Germek: Museum Square, wait there’s more

In a recent article I highlighted the two most contentious issues voiced by the public concerning the Museum Square project — building height and parking.

AJ Germek

There are also a number of other concerns expressed by Scottsdale residents that should be addressed before the project is green-lighted by City Council.

“Public park”

The submittal compares the open space in the Museum Square project to a public park. But this is disingenuous. The developer controls access to the “park,” the types of events, approval of events, rules for events, dates, times and duration and enforcement of rules. This power would include cancellations or terminations of events based on complaints from the hotel and the apartment/condo residents.

When the developer sells the property, the new owner could reject any promises or concessions made by the developer.

Open space

The submittal states that approximately 60 percent of the Museum Square development will be open space and key elements. But the total square feet for the project footprint is 319,717 square feet. That means the 40,000 square feet Square known as the “public space” would only constitute 12.5 percent of the project. What are the other open spaces and key elements?

Connections

The submittal states the project would result in better connections to the Scottsdale Waterfront and Scottsdale Fashion Square Mall. How? Those sites are almost a mile away and the developer is not proposing to build improved pedestrian walkways and bike paths to connect these areas. Any improvements in the connections would require a city initiative and funding.

Public amenities

The submittal states public amenities such a restaurant, outdoor dining, wine bar, interactive art gallery and other mixed use components are planned. Would any of these amenities be accessible directly by the public or would they all be accessed through and controlled by the hotel.

Visitor increase

The submittal states the project “will infuse new life with permanent residents and many thousands of continuous visitors.” How were these projected increases in visitors established? Who made these projections? Are specific numbers available?

Benefits to the arts

The submittal states that the 4-star hotel and the high income residents will benefit the arts community, presumably because they buy expensive art and attend artistic events. How was this established? Who is making these assertions? There are no planned collaborations with the arts community.

It is possible that Museum Square will pull visitors away from the art galleries and other attractions on Main Street.

Use of proceeds

There has been no indication as to how the city will spend the $27.7 million it receives in the sale. The funds should be used to improve the Old Town Scottsdale neighborhood and to preserve the ambiance of the area.

Environmental standards

The developer states that “sustainable strategies and building techniques, which minimize environmental impact and reduce energy consumption, will be utilized throughout Museum Square.” However, the developer also makes the following qualifying statements that completely dilute that promise.

  • “The building design and building systems will likely meet most significant measures associate with sustainability best-practices and LEED (Leadership in Energy and Environmental Design) equivalencies.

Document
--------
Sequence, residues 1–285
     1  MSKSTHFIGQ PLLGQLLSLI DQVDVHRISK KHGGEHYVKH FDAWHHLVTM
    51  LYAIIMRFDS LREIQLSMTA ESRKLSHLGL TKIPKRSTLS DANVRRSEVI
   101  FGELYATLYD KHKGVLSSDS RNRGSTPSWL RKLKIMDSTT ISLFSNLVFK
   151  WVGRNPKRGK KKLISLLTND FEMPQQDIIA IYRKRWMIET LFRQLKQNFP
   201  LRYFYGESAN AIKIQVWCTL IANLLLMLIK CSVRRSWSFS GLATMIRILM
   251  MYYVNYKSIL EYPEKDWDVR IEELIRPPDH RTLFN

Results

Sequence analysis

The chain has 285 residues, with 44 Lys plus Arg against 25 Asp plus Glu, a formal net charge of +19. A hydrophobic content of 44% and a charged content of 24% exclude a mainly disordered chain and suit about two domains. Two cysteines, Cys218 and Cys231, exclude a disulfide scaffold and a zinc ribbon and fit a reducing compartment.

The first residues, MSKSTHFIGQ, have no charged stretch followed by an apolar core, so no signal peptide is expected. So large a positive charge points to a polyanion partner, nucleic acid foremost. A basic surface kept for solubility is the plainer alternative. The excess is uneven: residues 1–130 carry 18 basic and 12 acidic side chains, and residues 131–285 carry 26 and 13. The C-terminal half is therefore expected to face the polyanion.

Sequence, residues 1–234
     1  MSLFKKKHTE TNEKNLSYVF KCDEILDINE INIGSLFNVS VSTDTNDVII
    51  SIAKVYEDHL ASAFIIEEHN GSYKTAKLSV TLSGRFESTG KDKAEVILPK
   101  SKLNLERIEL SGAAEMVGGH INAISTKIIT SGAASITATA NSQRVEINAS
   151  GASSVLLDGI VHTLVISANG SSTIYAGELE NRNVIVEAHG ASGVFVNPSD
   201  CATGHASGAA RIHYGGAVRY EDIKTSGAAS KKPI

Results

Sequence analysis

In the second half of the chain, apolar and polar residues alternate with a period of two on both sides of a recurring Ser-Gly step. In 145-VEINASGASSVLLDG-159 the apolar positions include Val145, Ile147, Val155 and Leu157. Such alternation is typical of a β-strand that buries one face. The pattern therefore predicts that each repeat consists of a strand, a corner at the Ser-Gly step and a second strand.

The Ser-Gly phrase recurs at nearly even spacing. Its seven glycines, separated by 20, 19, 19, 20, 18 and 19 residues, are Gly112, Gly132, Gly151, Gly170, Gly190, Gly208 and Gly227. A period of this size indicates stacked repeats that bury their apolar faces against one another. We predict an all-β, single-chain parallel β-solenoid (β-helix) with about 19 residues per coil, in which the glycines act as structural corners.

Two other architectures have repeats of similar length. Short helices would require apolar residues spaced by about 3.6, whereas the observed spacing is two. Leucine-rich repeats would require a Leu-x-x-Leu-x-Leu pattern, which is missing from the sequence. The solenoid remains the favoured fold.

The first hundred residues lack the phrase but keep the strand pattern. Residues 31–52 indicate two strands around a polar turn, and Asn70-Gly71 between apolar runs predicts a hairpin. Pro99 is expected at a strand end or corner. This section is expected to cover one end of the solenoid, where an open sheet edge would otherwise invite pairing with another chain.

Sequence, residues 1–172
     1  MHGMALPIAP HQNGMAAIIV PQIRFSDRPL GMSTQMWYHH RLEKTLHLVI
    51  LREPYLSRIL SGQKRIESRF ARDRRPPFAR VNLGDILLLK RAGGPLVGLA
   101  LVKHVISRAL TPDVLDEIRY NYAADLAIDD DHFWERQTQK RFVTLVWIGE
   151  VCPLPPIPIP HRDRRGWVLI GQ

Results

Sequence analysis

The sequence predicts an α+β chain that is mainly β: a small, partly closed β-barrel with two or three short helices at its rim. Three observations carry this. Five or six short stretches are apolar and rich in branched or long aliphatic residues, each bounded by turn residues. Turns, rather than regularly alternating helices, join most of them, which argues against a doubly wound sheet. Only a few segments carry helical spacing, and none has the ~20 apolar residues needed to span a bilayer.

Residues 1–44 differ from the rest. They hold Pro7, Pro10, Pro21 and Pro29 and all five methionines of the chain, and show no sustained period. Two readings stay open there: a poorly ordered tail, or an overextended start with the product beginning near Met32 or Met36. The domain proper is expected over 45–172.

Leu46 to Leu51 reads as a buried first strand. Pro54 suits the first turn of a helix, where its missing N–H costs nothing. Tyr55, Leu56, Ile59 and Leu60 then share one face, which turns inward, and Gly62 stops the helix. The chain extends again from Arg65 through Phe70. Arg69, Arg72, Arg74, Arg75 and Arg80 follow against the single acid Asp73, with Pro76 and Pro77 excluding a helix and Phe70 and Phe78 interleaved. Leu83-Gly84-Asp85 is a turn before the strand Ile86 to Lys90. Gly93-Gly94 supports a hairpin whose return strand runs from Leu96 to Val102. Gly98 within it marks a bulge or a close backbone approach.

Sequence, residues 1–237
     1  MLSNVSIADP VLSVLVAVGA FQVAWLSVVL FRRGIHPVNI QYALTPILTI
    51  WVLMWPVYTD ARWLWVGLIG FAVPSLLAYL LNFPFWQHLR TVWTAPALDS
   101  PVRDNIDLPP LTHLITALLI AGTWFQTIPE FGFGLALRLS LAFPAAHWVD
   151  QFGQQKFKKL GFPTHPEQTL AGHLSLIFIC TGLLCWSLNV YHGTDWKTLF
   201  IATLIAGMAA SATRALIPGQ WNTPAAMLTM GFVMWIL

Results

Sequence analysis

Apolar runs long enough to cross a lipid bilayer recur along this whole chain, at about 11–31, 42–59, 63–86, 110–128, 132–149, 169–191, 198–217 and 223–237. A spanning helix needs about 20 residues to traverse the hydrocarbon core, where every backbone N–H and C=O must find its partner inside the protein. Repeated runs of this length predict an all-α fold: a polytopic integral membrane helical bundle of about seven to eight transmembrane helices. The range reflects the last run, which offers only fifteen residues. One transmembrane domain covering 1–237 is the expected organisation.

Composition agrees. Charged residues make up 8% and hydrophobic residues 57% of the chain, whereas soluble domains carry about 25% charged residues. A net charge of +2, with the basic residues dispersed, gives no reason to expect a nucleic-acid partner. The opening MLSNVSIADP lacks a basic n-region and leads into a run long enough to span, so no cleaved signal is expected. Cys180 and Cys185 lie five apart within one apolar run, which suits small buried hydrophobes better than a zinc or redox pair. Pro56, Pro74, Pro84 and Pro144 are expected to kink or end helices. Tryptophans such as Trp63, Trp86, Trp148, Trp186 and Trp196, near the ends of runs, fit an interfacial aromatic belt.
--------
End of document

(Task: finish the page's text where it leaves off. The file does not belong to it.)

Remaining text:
• The developer “intends to incorporate sustainable design elements into the building and plans to develop in accordance with green building standards where feasible.
  • Energy considerations “may include, but are not limited to, recycled materials, energy efficient windows, energy efficient fixtures, appliances, and use of solar.
  • While not anticipated to secure LEED certification, the building design
and building systems will meet most significant measures associate with sustainability best-practices.
  • This project will comply with the International Green Construction Code’s “minimum baseline requirements.”

In addition, the buildings will be built based on the 2015 International Green Building standards. The 2020-21 standard is already being worked on. The developer should at least incorporate 2018 or later standards.

Solar energy

The project does not include any solar energy production (SEP) that could be used for all outside lighting and non-residential lighting for all the buildings. New Scottsdale buildings and development projects should be leaders in the use of SEP.

Color palette

The developer could provide adjacent land owners access to free items from the developer’s color palette in order to help connect the project to the community. This could be as easy as use of trim paint colors to smooth the transition from this project into the community or be offered a plant or two from the landscape groupings to help blend the project into the surrounding community.

Fact sheet

I don’t question the developer’s right to produce a marketing and promotion document for everyone who may be interested. However, it would be far more helpful for the developer to produce a mandated Fact Sheet for the purpose of informed decision-making on key issues without having to wade through 200 pages of marketing materials to find the answers.

The Fact Sheet would include usage projections, project costs, infrastructure costs, projected revenues and taxes, variance requests and benefits, non-compliance penalties and about ten other important considerations.

The citizens of Scottsdale overwhelmingly voted to save the McDowell Preserve from development. Now, we are faced with insuring the “look and feel” of Old Town and its historical character.

Old Town did not become an arts center and tourist attraction because it had high-rise buildings and apartments. In fact, what makes Old Town unique is exactly the opposite.

Editor’s Note: AJ Germek is a Scottsdale resident.

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